Sunday, 20 March 2011

Bully for you

Am I a bully? I'm asking rhetorically, so don't feel the need to write in and answer. But it's a question I've been asking myself in light of a number of related stories which have been dominating YouTube traffic in the last seven days.

One clip that quickly became an overnight sensation, saw an overweight Australian fifteen year-old called Casey Heynes getting all Howard Beale on his pint-sized tormentor. After three years of relentless bullying and harassment, Casey said to himself "I'm as mad as hell, and I'm not going to take this anymore!". Pushed over the edge by a schoolmate, he gave the spiteful little shit the kind of smack-down that used to be a Saturday afternoon staple, back when Shirley Crabtree was still a household name. Although both boys were subsequently suspended from Chifley College in Sydney, four Facebook pages have already been set up in honour of the beleaguered battler, with 200,000 fans signing up in support.

Students in California also found themselves on the receiving end of verbal sticks and stones last week, when Alexandra Wallace took to YouTube to berate all the Asian students at UCLA for talking on their mobile phones in the college library. Every time the hard-working undergraduate was about to reach an "epiphany" in her preparations for finals week, she was disturbed by the sound of “Ooooh Ching Chong Ling Long Ting Tong, Ooohhhhh.” The phone users in question were, of course, waiting for news from Japan about their friends and family.

As Alexandra explained in her video, "So being the polite, nice American girl that my momma raised me to be, I kinda just gave him what anybody else would do that kinda like, [puts finger up to lips in a "shh" motion]. 'You know it’s a library, like, we’re trying to study, thanks!' And then it’s the same thing five minutes later. But it’s somebody else, you know — I swear they’re going through their whole families, just checking on everybody from the tsunami thing." The inconsiderate shits. Several hundred thousand views, and a bunch of angry videoed replies later, Wallace issued a formal mea culpa (which translates into Californian as "My bad") and announced that she was leaving the university.

But the biggest bullying story in the online world this week, concerned a wannabe popstar and a song that comes dangerously close to breaching the Geneva convention. In just seven days, Rebecca Black's 'Friday' scored an astonishing 25 million views on YouTube and rocketed the thirteen year-old into the top 20 in several territories. But they say fame comes at a price, and for Rebecca, that meant having the world's scorn heaped upon her. Like everyone else with access to a keyboard and an internet connection, I went off on one about the horrors of a song that made St Winifred's School Choir sound like Radiohead. The main focus of my ire was the awfulness of the record itself, but I couldn't stop myself from chucking a few underarm blows in Rebecca's direction.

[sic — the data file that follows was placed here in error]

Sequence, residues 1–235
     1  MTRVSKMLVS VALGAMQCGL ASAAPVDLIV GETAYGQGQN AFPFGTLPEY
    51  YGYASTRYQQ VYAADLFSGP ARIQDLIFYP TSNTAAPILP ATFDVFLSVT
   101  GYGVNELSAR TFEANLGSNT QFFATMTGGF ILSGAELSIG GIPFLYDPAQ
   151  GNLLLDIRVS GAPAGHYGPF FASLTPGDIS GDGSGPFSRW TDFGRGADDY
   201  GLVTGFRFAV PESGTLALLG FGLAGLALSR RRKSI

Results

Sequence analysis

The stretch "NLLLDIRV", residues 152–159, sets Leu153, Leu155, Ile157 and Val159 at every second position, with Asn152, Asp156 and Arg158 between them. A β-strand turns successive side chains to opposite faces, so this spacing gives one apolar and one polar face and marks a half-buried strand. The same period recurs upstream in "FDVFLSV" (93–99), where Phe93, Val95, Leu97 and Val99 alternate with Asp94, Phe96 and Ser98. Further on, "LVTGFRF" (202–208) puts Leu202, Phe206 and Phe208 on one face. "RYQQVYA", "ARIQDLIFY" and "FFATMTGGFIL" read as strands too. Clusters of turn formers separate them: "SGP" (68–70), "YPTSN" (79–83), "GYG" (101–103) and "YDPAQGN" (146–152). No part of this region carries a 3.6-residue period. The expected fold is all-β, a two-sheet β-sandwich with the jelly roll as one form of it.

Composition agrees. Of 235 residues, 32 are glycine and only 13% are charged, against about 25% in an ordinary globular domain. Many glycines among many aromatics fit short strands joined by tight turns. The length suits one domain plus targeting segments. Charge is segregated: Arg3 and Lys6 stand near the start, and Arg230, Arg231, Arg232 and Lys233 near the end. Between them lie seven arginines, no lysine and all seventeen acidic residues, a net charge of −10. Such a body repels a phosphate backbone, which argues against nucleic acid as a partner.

A week after its debut, the conspiracy theories were finally put to rest, as the story behind the song was finally revealed. As many of us suspected, it was a vanity project bankrolled by an overindulgent parent, with little thought for the consequences. Apparently, $2,000 buys you an original song, studio and post-production, plus a video shoot, courtesy of the cut-price Svengalis at Ark Music Factory. Speaking exclusively to Good Morning America, Black seemed conflicted by the bittersweet nature of her success. In particular, she spoke about the fact that one commenter had advised her to start cutting herself and develop an eating disorder to make her prettier.

Now, just to play devil's advocate for a moment, Rebecca was happy enough for her Mum to spend $2,000 on something that must have seemed about as sound an investment as a Ponzi scheme. I'm guessing she figured it'd be, like, totally OMG, to have a video she could show to her friends. She never, for a moment, thought that her dreams of celebrity might actually come true. But as Pete and Dud discovered in Bedazzled, when you make a deal with Beelzebub, keep in mind that he has a better grasp of irony than Alanis Morissette.

She wasn't to know what would happen once the video was uploaded. Like all viral phenomena, there's little rhyme or reason (much like the song itself) to how these things take off. That zeitgeist is a slippery little fucker.

The internet has given us all a chance to weigh in on any topic and give a complete stranger a verbal wedgie. When my article on Rebecca Black first appeared on Sabotage Times, one commenter took me to task for my criticism of a 13 year-old girl, although even he couldn't resist taking a pop-shot at my profile picture. I learned two things from this experience - avoid ad hominem attacks, and stop shopping for T-shirts at BabyGap.

So what happened to us? When did we decide to hang out behind the internet bikesheds and start menacing other people for their iTunes money? Our online life might give us more opportunity than ever before to reach out and touch people, but sometimes it seems that we can't resist giving them a Chinese burn while we're doing it. Are we getting meaner, or is just human nature? Answers on a piece of hate-mail, please. 

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